Surviving a Payer Claims Review Audit
Surviving a Payer Claims Review Audit
One of the primary differences between the food stamp program and government run healthcare programs, lies in the fact that utilization of the food stamp program can be controlled (a person can eat only so much food in a month.)
In fact, no one blinks at the idea of "rationing" food with coupons. On the other hand, there is no practical way to limit how much healthcare a person might consume, short of a coupon book. Naturally, if you want to start a "silver riot," try broaching the subject of rationing Medicare to seniors.
So, the government and private contractors approach the problem of rationing healthcare in a back-handed, often sneaky game of "gotcha," aimed directly at physicians and dentists who provide Medicaid benefits. Long after the money has been paid and the matter closed, even small physicians' practices are receiving letters with the seemingly innocent request to review "five files," just to make sure the chart is accurate. In reality, the auditors are looking for any way to demand repayment, even if the patient genuinely needed the care provided.
I recently spoke with Angela Miller, CHC, CMC, president of Dallas-based Medical Auditing Solutions LLC, on ways practices can survive a benefit review audit.
Martin Merritt: The audit process calls to mind the famous quote from Cardinal Richelieu: "If you give me six lines written by the hand of the most honest of men, I will find something in them which will hang him."
Angela Miller: If they read the "lines" at all. Auditors are typically looking for any excuse to demand a refund. Physician’s handwriting is typically not legible. Often, an auditor will just ignore unreadable documentation. If the records are not legible, have them dictated and have the physician review and approve with an attestation statement for the records. Any amendments need to be done prior to submission of first level audit for best results. They could be done later but why go through multiple levels of appeals if you can win at level one.
If the records are not organized, the payer will not look for information. If the records are not legible, the payer will not try to read them. [Note: Never alter a record. You must identify any changes after the fact clearly with physician signature and date as of January 1, 2013.]
MM: Why not just pay the several-hundred dollar demand after an audit of the five files? It is cheaper than hiring a lawyer.
AM: Many clients just capitulate, and refund an overpayment request of a few hundred dollars because it costs less than hiring an attorney to fight the payer. That’s the "trap." The client refunds the few hundred dollars, and then 14 months later learns the few hundred dollars have been "extrapolated" over the entire universe of files, and the bill is now, $75,000 or $100,000. Medicare is restricted to extrapolation 12 months from date of initial finding/overpayment request. There seem to be no rules for Medicaid, Medicaid contractors, or private insurance. This can be catastrophic to a small solo practice physician.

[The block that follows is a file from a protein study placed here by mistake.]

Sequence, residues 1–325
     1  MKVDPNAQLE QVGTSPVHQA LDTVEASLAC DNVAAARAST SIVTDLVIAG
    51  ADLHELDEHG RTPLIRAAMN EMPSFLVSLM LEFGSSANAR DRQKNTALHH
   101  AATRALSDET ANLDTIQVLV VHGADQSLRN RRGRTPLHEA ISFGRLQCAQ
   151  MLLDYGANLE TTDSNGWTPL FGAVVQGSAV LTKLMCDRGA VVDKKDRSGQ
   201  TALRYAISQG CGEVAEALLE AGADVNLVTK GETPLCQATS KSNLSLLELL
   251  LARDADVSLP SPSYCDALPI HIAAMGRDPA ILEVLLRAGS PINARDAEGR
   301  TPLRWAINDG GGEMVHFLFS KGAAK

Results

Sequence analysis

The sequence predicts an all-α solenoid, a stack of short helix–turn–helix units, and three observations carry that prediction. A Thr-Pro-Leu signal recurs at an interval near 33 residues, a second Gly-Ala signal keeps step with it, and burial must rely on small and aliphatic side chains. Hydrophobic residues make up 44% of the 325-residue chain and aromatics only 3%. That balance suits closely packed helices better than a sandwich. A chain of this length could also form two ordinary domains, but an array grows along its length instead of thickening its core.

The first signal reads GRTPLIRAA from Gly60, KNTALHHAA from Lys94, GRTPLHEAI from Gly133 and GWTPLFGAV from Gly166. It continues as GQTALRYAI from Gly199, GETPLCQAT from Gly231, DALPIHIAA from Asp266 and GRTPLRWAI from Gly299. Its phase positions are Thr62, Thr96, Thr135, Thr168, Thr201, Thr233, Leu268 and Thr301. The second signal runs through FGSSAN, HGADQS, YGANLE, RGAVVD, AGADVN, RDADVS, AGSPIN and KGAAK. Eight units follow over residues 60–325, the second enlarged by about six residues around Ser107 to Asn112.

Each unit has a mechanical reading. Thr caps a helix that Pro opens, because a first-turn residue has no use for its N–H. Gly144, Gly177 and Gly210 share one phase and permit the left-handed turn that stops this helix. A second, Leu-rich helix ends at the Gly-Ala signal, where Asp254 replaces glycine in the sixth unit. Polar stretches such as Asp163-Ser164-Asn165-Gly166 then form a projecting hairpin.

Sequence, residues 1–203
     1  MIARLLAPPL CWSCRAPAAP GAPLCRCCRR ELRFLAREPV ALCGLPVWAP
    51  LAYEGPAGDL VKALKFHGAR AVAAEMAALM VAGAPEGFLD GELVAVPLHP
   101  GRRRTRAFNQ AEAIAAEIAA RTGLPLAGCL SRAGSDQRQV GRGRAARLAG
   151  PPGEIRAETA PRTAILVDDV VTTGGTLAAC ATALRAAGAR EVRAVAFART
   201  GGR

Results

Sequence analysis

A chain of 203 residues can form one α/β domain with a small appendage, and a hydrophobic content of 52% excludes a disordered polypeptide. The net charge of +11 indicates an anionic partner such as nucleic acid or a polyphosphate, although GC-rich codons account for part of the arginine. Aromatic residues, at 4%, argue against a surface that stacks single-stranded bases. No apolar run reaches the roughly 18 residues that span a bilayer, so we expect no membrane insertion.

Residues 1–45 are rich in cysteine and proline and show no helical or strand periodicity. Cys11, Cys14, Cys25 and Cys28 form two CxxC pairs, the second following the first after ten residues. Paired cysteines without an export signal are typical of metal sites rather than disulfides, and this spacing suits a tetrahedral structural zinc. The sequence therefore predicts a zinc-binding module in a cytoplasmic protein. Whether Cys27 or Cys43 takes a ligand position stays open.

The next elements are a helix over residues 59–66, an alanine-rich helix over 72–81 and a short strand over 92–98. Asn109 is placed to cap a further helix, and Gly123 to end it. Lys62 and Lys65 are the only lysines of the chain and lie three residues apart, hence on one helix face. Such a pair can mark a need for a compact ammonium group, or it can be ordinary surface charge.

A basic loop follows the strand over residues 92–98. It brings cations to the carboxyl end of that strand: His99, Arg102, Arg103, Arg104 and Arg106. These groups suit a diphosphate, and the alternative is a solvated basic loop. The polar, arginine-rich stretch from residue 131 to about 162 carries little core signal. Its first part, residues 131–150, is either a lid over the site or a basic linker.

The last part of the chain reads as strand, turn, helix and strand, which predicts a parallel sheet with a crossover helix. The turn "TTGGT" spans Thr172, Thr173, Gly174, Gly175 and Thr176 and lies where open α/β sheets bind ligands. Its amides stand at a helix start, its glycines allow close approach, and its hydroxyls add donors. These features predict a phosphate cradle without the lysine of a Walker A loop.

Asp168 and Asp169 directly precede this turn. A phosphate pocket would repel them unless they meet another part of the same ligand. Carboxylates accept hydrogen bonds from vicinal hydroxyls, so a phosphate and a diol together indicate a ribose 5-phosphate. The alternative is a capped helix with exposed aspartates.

MM: Why do you encourage using a consultant and/or attorney, depending on the circumstances, to respond to audits?
AM: Attorneys and consultants know what is going on in the industry with various payers which can be beneficial to helping the provider in the audit process. The payers are becoming very tenacious, so hoping for the best in an audit is "naive." Also fresh eyes can play devil’s advocate with questions as well as ideas for corrective action that would benefit the provider that could be implemented prior to submitting the first level audit.
MM: You emphasize the importance of winning as many as possible at the first level, why?
AM: If you respond to the initial audit/overpayment request within the first 20 days to 30 days that will prevent the requirement for payments on extrapolation until the appeal process is complete. This is critical, especially for small providers. The more you win in first level appeals, the more the error rate improves and the overpayment and extrapolation go down.
MM: In closing, what point would you like to leave physicians with?
AM: Providers must be proactive. It is much less expensive and it will protect them from prepayment audits, extrapolations, and worse. Payers are sneaky and relentless, because they have everything to gain and nothing to lose.